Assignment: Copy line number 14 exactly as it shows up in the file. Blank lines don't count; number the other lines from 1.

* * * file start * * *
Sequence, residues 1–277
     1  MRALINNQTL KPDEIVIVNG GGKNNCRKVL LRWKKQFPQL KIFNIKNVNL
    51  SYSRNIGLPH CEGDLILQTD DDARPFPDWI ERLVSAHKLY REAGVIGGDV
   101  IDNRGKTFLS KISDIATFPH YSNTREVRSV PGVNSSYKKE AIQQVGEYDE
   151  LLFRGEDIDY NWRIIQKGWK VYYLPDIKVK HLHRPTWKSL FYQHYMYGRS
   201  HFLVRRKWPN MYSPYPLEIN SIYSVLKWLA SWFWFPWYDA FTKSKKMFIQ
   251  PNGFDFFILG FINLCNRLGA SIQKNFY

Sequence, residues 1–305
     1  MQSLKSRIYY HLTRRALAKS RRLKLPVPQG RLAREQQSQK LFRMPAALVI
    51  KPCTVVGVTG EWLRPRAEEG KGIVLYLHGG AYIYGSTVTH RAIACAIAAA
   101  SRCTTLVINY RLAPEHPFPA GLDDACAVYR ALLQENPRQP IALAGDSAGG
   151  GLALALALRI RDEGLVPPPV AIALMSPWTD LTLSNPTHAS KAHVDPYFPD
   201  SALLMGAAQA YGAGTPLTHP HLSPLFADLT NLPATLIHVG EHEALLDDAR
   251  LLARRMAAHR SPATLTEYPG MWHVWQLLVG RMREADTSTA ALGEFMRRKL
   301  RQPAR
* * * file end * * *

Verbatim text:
   251  LLARRMAAHR SPATLTEYPG MWHVWQLLVG RMREADTSTA ALGEFMRRKL